(RxWiki News) A stroke can be a scary, even deadly, medical emergency. But before this emergency strikes, there are several lifestyle changes that can help people lower their risk of stroke. Some regular exercise may be one of those changes.
A new study determined that people who are physically active enough to break a sweat four or more times a week may be less likely to have a stroke.
The study found a lowered risk for both men and women who were physically active.
"Get physically active four or more times per week."
Michelle McDonnell, PhD, from the International Centre for Allied Health Evidence at the University of South Australia, and colleagues conducted this study to look at the connection between physical activity and stroke incidents.
The researchers recruited 30,239 males and females over the age of 44 years by telephone and mail. The study took place in a region of the Southeastern United States that the researchers called the "Stroke Belt". States included were North Carolina, South Carolina and Georgia.
The study followed the participants from 2003 to 2007. Information about age, sex, race and ethnicity, along with medical history, was collected over the phone. Physical measurements were collected during a home visit.
The researchers defined disease risk factors to include body mass index (a measurement of body fat based on height and weight), smoking status, alcohol use, diabetes and hypertension (chronic high blood pressure). Participants were called every six months to determine whether any stroke incidents had occurred. For any suspected strokes, medical records were obtained.
The participants were asked about how often they were physically active enough to work up a sweat. Participants were asked if their health limited moderate activities, such as moving a table, vacuuming, bowling, golfing and climbing a flight of stairs.
The participants were then divided into groups by level of physical activity:
- No regular physical activity every week (not active group)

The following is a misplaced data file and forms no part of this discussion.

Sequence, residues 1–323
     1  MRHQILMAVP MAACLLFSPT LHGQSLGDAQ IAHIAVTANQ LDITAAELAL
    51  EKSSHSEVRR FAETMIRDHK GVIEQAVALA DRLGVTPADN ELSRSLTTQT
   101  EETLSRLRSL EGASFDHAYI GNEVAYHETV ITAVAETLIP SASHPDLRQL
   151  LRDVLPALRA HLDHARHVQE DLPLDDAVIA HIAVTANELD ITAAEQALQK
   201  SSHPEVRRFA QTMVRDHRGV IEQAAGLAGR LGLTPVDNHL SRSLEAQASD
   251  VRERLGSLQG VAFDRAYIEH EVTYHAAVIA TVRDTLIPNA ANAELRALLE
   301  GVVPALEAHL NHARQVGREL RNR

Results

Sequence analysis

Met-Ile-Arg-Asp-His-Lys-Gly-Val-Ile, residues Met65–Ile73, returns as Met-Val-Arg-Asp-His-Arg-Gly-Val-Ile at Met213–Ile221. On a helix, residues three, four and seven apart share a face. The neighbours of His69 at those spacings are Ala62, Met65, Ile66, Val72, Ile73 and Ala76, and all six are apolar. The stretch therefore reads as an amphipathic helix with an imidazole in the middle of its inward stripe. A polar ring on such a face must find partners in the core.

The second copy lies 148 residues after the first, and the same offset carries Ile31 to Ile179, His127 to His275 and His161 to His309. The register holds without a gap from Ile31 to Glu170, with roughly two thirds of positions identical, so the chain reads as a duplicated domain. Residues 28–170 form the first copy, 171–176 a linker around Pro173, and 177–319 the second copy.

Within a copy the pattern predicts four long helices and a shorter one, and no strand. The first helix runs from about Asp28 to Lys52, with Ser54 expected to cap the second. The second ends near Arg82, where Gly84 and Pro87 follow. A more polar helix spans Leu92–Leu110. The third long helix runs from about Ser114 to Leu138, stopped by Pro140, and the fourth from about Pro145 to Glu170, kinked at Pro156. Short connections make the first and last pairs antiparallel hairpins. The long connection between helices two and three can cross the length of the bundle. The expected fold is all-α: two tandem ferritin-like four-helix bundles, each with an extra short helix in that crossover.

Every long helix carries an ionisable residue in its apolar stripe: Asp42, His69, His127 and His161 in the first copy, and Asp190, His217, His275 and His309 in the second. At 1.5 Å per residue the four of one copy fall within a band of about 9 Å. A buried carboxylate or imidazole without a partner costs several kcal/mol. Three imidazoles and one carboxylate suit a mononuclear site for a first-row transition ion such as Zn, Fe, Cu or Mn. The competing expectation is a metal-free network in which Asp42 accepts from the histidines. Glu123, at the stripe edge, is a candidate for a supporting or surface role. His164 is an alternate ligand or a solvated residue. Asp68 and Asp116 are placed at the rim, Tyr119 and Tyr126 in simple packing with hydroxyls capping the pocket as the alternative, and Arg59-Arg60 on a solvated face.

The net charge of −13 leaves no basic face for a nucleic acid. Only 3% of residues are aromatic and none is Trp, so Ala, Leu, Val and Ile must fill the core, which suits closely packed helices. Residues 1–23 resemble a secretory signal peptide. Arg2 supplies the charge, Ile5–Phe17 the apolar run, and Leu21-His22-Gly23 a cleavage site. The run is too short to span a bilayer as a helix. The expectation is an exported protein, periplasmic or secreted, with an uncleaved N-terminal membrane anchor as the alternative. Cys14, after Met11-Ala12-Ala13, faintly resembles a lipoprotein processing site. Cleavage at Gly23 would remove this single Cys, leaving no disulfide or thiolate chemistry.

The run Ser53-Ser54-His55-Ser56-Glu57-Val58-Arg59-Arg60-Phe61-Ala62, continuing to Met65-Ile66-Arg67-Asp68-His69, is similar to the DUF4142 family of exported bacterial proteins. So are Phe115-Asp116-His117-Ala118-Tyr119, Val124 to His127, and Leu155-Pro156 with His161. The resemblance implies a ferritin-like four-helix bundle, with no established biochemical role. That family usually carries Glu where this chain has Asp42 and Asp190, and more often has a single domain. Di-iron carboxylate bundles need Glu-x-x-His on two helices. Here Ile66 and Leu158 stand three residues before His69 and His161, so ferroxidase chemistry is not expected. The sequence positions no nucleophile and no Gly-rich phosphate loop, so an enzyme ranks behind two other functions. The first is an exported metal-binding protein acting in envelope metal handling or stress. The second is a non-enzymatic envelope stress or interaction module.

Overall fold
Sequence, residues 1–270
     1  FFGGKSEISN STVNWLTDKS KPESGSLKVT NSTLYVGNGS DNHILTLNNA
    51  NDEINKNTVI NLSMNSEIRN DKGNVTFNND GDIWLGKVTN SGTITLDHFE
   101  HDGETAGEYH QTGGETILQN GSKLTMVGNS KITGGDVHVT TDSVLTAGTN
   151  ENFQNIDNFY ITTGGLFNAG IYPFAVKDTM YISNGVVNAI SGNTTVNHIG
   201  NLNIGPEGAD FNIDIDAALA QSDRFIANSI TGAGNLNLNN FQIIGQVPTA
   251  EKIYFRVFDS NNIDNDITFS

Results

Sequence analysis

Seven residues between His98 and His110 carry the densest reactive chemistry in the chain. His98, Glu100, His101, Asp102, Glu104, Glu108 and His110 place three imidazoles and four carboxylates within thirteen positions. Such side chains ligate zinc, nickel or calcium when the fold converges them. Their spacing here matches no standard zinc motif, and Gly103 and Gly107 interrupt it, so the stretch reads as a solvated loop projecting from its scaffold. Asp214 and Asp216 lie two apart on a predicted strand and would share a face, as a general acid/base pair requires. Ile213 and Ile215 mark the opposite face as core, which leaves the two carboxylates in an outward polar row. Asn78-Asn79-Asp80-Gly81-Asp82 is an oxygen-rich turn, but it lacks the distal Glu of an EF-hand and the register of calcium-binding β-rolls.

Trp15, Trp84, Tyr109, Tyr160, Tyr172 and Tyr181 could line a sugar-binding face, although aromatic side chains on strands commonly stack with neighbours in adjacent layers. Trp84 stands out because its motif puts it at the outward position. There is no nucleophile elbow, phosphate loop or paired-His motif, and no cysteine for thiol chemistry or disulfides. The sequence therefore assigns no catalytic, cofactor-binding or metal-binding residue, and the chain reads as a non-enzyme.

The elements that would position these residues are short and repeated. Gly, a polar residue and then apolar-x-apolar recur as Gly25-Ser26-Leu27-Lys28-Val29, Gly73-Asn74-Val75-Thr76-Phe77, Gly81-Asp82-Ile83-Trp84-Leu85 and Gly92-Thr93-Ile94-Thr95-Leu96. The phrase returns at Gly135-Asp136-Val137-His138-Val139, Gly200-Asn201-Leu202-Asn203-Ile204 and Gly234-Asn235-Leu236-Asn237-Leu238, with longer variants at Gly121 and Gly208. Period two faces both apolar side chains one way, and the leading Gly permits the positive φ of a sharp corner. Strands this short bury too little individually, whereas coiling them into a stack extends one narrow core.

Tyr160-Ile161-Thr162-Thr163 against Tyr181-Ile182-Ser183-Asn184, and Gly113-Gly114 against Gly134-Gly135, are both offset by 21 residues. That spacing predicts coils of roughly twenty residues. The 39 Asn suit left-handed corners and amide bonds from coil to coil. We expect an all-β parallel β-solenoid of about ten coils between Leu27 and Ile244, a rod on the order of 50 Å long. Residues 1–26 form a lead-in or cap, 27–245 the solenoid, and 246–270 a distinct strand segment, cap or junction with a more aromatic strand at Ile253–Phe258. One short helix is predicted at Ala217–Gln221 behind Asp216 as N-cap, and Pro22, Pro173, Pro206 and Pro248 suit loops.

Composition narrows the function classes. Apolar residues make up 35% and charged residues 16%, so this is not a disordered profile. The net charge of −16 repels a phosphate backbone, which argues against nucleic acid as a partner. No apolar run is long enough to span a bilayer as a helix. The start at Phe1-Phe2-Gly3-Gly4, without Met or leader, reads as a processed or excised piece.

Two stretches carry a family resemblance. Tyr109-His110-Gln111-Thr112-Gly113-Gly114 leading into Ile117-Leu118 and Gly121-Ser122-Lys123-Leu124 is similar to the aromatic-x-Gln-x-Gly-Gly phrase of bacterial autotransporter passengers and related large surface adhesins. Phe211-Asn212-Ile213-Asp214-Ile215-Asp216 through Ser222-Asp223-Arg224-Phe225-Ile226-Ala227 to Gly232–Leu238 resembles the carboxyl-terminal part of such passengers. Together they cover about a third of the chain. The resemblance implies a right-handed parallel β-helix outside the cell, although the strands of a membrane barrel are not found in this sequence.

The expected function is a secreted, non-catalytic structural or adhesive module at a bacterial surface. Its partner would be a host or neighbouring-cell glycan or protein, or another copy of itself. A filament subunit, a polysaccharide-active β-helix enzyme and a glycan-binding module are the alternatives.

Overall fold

- Physically active one to three times a week (slightly active group)
- Physically active four or more times a week (very active group)
The researchers followed the participants for an average of 5.7 years. The study found that the most physically active participants tended to be white males with higher education levels and higher incomes. They also found that the most active participants had a lower body mass index (BMI) and were less likely to have diabetes.
Of the participants, 33 percent reported that they were not physically active.
During the study, 918 stroke incidents were confirmed. The researchers took into account factors like age, sex and race when comparing the connection between physical activity and stroke.
The study found a strong relationship between level of physical activity and stroke incidents. The relationship was measured by a hazard ratio, which is a measure of how often a particular event happens in one group compared to how often it happens in another group.
The hazard ratio for the not active group compared to the very active group was 1.20. The hazard ratio for the slightly active group compared to the very active group was 1.16.
These hazard ratios mean that the inactive people in the study were approximately 20 percent more likely to have a stroke incident than the very active participants. The group that was active one to three times a week was roughly 16 percent more likely to have a stroke incident compared to the very active group.
The researchers found the very active participants had a lower risk for stroke than the not active participants. Being physically active one to three times a week also lowered the risk of stroke, but less than being active four or more times a week.
The study authors said one possible weakness of this study was that they asked participants how often they were physically active enough to work up a sweat. This left out activities such as walking and biking, and underestimated overall amount of physical activity.
The researchers stated that future studies should measure how hard the participants exercise, for how long and how often.
The researchers noted another weakness of the study was that the participants were asked about physical activity at the beginning of the study, but the stroke events happened years later. The researchers stated that it is possible that the participants might have changed their physical activity levels in that time.
It is also possible that some stroke incidents happened without the participants realizing, the authors said. If this occurred, the stroke incidents would not have been recorded in the research and would have been underestimated.
This study was published online July 18 in the journal Stroke.
The research was funded by the National Institute of Neurological Disorders and Stroke, the National Institute of Health and the Department of Health and Human Services. Dr. McDonnell's work is funded by a National Health and Medical Research Council of Australia Fellowship. The other authors reported no conflict of interest.